Hard Choices about a City’s future

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eBlog, 6/01/16

In this morning’s eBlog, we consider the dwindling fiscal options for East Cleveland’s future: would Cleveland—on the verge of hosting the Republican Presidential Convention—be willing to agree to a merger? If not, what are the options? Then we look at the surprising override in Springfield of Gov. Bruce Rauner’s veto of pension relief legislation to help the City of Chicago, raising the question whether such a delay mortgages the Windy City’s fiscal future.

Focusing on a City’s Future. East Cleveland leaders appear to have dropped their opposition to being annexed by neighboring Cleveland—a move which, if agreed to—would avoid filing for chapter 9 municipal bankruptcy—and mean the city’s residents could receive basic municipal services the city has been unable to afford for years. The shift appears to recognize the leadership of Mayor Gary Norton, who has sought a merger with Cleveland for several years, but been stymied by a City Council that believed the city could survive on its own. But City Council President Thomas Wheeler told the Associated Press that a merger with Cleveland appears unavoidable, stating: “I’ve got pride…I don’t want to merge. But we’re fighting to save an East Cleveland that no longer exists.” The small city East Cleveland was once a middle-class community of around 40,000 people. Oil baron John D. Rockefeller’s expansive estate was in East Cleveland. A millionaires’ row of mansions once lined Euclid Avenue, the main thoroughfare. The city is only 3.2 square miles, and about half of that is a park.

Today, the population is around 17,000, nearly half what it was in 1990; its median household income is less than half the statewide $48,000; it is a municipality in which some 1,000 homes have been demolished in recent years with the help of the Cuyahoga County land bank; nevertheless, some estimate there are at least 1,000 more which need to be razed, along with more than 140 apartment buildings. The municipality owes $3.5 million in past-due bills and has been unable to issue debt for capital improvement projects or anything else for years. The city workforce has been cut in half since 2010; nevertheless, it is barely able to make payroll every two weeks. According to Ohio Auditor Dave Yost, a merger with Cleveland is East Cleveland’s best hope. Mr. Yost placed East Cleveland back into fiscal emergency four years ago—subjecting the small city to state oversight of its finances and fiscal recovery plans. Auditor Yost has noted: “The bottom line is the bottom has fallen out of their revenue bucket…And I don’t see a way to repair that bucket.” Mr. Yost has asked the Ohio Legislature for $10 million to finance capital improvements, such as road repairs if East Cleveland and Cleveland agree to merge. City Council President Thomas Wheeler said the council is waiting for a consultant to report on any alternatives to a merger.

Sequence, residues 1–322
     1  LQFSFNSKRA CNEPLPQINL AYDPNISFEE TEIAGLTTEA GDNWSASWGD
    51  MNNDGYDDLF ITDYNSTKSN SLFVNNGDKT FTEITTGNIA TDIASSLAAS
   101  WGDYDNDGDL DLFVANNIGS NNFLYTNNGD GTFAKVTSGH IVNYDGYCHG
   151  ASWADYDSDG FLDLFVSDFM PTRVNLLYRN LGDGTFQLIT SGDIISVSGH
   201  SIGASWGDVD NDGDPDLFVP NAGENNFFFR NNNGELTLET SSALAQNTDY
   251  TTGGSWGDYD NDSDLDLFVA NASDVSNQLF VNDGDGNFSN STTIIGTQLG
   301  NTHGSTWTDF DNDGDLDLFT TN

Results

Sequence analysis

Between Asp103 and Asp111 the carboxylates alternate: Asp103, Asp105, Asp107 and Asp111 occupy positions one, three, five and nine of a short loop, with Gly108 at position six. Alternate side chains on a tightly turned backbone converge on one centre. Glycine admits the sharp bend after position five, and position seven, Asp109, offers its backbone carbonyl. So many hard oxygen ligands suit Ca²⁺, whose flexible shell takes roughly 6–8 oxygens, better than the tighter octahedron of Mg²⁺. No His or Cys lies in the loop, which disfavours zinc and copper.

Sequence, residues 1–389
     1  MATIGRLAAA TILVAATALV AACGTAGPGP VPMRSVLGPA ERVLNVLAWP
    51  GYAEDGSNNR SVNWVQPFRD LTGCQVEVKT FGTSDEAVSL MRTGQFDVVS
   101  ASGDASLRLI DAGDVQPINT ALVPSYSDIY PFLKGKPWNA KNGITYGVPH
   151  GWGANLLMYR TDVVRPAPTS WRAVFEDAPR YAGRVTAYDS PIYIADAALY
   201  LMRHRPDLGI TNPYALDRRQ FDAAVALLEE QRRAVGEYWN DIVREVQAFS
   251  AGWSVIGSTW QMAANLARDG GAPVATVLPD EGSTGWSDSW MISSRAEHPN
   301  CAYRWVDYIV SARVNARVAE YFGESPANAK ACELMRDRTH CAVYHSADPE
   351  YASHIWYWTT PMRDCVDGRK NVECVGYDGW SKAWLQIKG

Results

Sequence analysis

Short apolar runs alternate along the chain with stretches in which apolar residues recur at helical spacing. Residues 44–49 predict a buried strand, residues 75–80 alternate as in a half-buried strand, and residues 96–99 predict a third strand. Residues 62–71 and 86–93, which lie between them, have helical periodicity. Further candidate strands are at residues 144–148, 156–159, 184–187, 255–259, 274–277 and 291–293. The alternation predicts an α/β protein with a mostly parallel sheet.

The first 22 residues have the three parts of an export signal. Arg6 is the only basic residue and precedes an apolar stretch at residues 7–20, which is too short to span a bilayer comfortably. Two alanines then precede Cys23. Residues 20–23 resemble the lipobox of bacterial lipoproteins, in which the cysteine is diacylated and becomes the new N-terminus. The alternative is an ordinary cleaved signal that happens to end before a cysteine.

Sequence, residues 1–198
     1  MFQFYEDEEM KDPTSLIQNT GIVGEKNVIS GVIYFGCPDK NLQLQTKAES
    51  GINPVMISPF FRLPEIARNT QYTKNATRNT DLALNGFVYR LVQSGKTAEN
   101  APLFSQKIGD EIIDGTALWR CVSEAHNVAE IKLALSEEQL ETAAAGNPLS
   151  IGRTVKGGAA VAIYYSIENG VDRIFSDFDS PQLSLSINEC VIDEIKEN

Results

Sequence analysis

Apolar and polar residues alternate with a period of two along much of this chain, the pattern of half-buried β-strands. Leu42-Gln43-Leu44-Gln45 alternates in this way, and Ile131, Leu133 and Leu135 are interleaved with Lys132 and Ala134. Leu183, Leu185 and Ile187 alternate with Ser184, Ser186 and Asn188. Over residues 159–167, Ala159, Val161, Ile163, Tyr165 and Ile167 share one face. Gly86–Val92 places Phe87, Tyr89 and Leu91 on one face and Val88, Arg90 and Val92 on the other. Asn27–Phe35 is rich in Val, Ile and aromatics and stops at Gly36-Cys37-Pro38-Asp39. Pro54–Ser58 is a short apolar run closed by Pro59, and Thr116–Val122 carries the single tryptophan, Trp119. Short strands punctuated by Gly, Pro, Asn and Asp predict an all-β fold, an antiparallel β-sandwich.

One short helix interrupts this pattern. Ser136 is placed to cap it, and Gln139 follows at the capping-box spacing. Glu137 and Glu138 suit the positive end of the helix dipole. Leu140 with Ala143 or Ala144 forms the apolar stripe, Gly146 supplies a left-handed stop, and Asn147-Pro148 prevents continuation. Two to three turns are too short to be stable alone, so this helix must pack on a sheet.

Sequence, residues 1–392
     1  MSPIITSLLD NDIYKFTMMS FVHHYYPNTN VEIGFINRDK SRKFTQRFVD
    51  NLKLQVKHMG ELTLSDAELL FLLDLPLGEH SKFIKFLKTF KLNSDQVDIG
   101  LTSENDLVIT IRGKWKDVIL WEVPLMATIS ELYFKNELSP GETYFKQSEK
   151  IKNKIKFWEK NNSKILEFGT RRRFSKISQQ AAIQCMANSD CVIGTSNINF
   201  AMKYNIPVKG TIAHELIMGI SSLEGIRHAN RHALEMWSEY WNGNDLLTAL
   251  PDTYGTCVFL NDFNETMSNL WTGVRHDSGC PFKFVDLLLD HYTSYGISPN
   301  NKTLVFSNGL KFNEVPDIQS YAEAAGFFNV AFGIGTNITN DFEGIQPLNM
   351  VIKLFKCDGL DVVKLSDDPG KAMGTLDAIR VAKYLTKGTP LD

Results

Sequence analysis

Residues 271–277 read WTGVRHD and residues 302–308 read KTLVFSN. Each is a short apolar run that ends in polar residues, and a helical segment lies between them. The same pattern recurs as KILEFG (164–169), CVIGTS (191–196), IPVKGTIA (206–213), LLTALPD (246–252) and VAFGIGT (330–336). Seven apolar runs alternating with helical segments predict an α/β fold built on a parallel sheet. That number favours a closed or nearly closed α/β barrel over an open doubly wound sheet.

If officials from both cities move ahead, a merger could take months to complete. Under the process, City Councils from both municipalities must appoint three persons to a commission charged with working out the logistics of such a merger. In the end, if such a merger is agreed to, East Cleveland voters would first have to vote—then, if they approved such a merger, the Cleveland City Council would then vote to accept East Cleveland or to allow its own voters to decide the issue. Neither the Mayor nor Chair of the Cleveland City Council have made any public statements with regard to whether they might support such a merger.